Robins in Ireland
robin is one of Ireland's favourite birds. With it's striking red
breast the robin is instantly recognisable. The robin is a plump
bird with olive-brown upper parts and a white/grey belly. The legs
and the beak are brown in colour. The male and female are very similar.
Juvenile robins do
not have any red feathers and this may be a defence mechanism against
attack from territorial adults. Until they reach adulthood immature
robins have speckled buff-brown upper parts and underparts.
Resident robins are
joined by immigrants from continental Europe birds from Scandinavia.
The visiting robins are generally more pale that Irish residents
and they tend to be less tame.
Robins are very territorial
right throughout the year round. In the spring and summer this is
for breeding purposes. During the rest of the year this is to protect
feeding grounds. Robins will vigorously defend their territories
to the point of death.
Although the average
life span for a robin is just two years the longest lived robin
was recorded at eight years and five months in 1977.
Name for Robin
Irish word for robin is Spideog.
robin's diet is largely based upon insects and worms. They usually
swoop down on their prey after watching from a perch or other vantage
point. Robins are renowned for following gardeners to pick off larvae
and grubs left in the human's wake.
They are also known
to have a sweet 'beak' and will relish any confectioneries left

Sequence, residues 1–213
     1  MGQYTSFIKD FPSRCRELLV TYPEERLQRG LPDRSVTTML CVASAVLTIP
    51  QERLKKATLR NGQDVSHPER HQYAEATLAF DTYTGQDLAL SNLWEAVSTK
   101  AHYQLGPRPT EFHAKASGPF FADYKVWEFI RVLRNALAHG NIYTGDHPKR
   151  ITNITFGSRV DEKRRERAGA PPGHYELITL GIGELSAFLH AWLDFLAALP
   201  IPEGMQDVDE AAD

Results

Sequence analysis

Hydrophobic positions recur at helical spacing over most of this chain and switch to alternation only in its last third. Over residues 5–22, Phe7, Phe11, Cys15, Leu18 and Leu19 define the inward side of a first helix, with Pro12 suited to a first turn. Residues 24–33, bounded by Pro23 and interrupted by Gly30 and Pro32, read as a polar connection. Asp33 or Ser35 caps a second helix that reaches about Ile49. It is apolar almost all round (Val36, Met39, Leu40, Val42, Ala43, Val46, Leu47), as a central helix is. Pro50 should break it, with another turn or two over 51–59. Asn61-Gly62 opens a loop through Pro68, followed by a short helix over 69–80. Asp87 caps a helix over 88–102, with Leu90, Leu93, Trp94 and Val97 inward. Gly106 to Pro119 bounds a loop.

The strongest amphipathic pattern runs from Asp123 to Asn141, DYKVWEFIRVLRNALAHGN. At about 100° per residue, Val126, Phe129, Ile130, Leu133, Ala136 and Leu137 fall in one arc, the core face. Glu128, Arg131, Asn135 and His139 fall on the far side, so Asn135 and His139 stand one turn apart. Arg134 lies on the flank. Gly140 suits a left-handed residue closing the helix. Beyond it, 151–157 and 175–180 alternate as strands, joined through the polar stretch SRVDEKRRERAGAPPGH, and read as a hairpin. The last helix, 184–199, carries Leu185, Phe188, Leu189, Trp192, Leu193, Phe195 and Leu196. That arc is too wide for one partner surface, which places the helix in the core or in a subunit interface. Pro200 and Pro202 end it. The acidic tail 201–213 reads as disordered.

out although mealworms are a healthier option. With a little patience
robins will learn accept food from the hand.
Both male and female
robins command separate feeding territories in the winter and they
will defend them. By midwinter robins will have paired-off and will
remain together until the following autumn moult.
robin's nest is made from grass, moss and dead leaves. It will be
lined with hair, wool, or any other soft materials. They usually
build their nests in a hole in a wall, tree cavity, ivy, or a bank.
Notoriously, robins will nest in less orthodox locations including
sheds, garages, cars, post boxes and garden barbecues. They have
even been known to build a nest in coat pockets. If you wish to
encourage robins to nest in your garden use a open-fronted nest
eggs are smooth, dull and are white or pale blue with reddish spots.
Only the female incubates the eggs however the young are fed by
both female and male.